And if you are a competitive racer, being able to go faster should be on your bucket list.
But even if you just a recreational cyclist, having more speed means you can get the most out of your workouts.
Strength training is not just the development of power. Having properly designed resistance training can lead to longer races.
What Is The Best Strength Training For Endurance Performance?
There is this misconception that the more strength training you do, the more muscles you will carry. And for sports like cycling, where you want to be fast and light, this can bring adverse reactions.
It just feels totally counterproductive.
So any additional hypertrophy may seem like slow you down.
Which is true to some extend. Because you don’t need to carry extra 15-20 pounds of muscles if your goal is to ride faster, or longer.
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Growth vs Strength
But there are multiple ways you can add strength training to your weekly schedule that will improve endurance performance, without adding more muscle size.
You want strength. You don’t want size.
One of them is explosive training. Explosive training means low force, and high velocity.
In other words, you don’t move a lot of weight, but you move it really rapidly.
The perfect example is kettlebell swing. During the set of 20-30 reps, you generate the explosive force from your hips that drive the kettlebell up.
Just like a pendulum.
And because the weight is not maximum, you can do a high volume of reps, so it won’t stimulate hypertrophy.
Another way to build on strength, without adding extra muscle size is heavy strength training 1-5 RM.
Here you simply train your muscles to be able to carry more weight. As the result, you can develop more force, with less effort.
It reduces the motor units necessary to produce a certain amount of force.
Let’s say you can ride for 20-minutes at a fast, competitive tempo. After that, your legs start to burn, and you stop.
The additional strength training with a heavy load can improve your time and ease your effort.
So you may either be able to go faster at the same time. Or you can maintain the speed, but go much longer until your legs burn again.
So it raises the bar. You become not only a better athlete, but a more functional human being.
It also reduces the time to get to the peak force. This means you get into speed much quicker.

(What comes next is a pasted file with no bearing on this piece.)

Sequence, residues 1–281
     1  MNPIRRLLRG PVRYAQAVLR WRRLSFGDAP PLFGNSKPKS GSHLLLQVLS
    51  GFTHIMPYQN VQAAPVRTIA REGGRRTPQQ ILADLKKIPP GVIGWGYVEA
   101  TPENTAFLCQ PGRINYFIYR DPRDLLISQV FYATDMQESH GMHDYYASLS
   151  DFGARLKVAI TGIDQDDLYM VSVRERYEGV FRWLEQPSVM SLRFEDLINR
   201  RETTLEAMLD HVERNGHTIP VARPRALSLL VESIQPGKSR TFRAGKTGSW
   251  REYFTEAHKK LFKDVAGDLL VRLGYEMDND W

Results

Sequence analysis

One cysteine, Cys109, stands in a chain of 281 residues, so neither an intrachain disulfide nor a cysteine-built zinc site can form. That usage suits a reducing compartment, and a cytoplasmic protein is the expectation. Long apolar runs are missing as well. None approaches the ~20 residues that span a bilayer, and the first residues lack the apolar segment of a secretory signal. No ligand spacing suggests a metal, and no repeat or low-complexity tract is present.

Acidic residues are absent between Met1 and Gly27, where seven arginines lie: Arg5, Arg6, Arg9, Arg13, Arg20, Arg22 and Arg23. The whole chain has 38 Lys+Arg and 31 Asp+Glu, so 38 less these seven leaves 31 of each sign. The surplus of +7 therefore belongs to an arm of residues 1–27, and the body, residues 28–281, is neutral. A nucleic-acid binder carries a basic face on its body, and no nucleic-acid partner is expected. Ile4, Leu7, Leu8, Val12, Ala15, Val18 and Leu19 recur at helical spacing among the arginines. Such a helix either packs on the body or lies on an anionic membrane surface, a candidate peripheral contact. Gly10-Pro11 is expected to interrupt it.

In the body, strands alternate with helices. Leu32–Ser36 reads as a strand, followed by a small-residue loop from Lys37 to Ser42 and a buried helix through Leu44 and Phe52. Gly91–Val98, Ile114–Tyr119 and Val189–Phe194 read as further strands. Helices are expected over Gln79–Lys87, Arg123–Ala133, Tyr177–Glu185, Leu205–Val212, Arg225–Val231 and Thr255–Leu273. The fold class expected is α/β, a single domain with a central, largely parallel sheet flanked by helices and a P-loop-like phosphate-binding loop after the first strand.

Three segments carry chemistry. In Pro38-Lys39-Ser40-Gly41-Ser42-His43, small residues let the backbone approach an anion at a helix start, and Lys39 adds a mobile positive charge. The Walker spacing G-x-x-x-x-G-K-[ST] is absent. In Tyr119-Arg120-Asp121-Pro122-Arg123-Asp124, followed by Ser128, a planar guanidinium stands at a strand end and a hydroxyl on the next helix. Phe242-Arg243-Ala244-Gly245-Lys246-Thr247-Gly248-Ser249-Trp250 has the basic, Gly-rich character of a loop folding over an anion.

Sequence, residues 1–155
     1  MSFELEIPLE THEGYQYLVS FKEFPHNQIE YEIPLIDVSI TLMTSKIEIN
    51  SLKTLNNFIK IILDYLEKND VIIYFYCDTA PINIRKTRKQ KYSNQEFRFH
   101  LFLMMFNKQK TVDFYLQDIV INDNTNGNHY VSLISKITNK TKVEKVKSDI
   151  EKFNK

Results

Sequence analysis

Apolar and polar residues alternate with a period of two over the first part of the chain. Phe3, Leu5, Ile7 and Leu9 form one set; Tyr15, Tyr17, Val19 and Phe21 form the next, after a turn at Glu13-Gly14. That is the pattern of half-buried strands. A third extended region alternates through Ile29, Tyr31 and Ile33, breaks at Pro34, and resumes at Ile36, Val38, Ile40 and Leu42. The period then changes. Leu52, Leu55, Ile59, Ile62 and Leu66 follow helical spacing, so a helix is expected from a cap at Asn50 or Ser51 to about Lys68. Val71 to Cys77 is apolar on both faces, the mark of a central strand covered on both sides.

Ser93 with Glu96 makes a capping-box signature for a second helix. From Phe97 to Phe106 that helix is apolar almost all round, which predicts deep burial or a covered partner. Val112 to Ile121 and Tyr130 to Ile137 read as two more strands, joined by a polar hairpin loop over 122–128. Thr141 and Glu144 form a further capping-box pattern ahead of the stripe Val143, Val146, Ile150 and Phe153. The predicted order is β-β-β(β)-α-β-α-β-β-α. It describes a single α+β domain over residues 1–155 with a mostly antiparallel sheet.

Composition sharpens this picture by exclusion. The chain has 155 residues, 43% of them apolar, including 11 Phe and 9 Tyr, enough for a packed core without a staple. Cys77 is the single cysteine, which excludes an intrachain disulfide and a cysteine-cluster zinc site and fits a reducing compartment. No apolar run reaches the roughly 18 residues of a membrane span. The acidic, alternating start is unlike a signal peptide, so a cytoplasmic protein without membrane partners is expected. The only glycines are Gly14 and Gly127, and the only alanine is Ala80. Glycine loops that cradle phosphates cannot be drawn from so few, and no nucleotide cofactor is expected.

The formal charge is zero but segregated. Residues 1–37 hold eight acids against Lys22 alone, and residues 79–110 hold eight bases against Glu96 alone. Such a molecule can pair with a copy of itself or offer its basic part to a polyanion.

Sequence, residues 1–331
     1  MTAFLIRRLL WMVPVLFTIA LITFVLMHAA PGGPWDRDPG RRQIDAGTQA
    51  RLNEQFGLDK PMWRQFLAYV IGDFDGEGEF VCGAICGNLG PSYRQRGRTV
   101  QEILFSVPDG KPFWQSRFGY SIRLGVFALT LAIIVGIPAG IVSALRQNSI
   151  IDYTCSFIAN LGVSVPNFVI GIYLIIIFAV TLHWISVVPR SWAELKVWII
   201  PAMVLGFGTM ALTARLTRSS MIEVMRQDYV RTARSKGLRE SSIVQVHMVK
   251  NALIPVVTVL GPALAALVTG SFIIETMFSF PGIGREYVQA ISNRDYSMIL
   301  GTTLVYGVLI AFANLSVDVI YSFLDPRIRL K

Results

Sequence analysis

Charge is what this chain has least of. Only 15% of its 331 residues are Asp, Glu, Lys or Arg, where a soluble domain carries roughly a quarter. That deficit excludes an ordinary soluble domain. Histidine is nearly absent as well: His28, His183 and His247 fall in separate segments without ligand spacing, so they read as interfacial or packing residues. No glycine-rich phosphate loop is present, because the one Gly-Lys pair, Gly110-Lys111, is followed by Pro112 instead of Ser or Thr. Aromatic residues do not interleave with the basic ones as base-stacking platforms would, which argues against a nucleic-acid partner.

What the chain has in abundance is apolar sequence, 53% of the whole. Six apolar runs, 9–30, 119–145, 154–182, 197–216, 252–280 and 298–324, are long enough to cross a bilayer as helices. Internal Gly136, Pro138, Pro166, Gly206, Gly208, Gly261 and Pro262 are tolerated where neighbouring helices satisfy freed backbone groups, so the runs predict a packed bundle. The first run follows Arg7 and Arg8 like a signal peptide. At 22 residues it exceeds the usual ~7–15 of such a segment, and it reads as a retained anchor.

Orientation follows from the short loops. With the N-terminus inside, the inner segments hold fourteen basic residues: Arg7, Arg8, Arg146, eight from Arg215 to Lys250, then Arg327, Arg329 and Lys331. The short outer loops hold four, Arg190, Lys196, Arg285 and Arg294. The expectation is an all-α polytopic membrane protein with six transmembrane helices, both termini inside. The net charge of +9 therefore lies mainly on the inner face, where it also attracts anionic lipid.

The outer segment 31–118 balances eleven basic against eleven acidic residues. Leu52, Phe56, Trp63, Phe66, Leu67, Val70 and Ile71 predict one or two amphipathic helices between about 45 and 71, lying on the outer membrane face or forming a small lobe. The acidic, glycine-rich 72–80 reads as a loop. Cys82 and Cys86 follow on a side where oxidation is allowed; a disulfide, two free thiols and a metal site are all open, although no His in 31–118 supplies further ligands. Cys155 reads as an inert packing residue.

You recruit muscle fibers faster. So it makes you more efficient.
But that doesn’t mean every strength training will slow you down.
Nothing can be further from the truth.
Research shows that doing resistance training 2-3 times a week can multiply your results and add lots of benefits to your performance (source).
Keep in mind that strength training can come in many forms. This doesn’t mean you have to bulk up on muscles, do heavy bench press, or 1RM deadlifts.
You can do a variety of bodyweight exercises, like squat jumps, and of course, kettlebell swings.
- Kettlebell swings improve power, strength, endurance, also hip and spinal motor control.
- It fires up both slow-twitch and fast-twitch fibers.
- Its explosive hip hinge movement so develops the strength without adding the size. In fact, I’ve written an article where I explain will kettlebell swings make me look bulky.
- It also works on deficiencies. When you spend 10, 20, or even 30 hours per week on the bike, and you don’t do any other strength training, you definitely should work on some hip extension exercise.
Cycling is very quad and hamstrings dominant. So having an good kettlebell swing workout diminishes those deficiencies.
How often should I do strength training?
For the best results you should do at least 1-2 sessions per week. If you already spending 30-hour or more on the bike then I would reduce racing time and add some kettlebell swings.
How many reps should I do per workout?
I recommend starting from 5-6 sets of 20-25 reps. Focus on doing explosive movement. Remember this is a hip hinge exercise so the vast majority of work should come from your hips.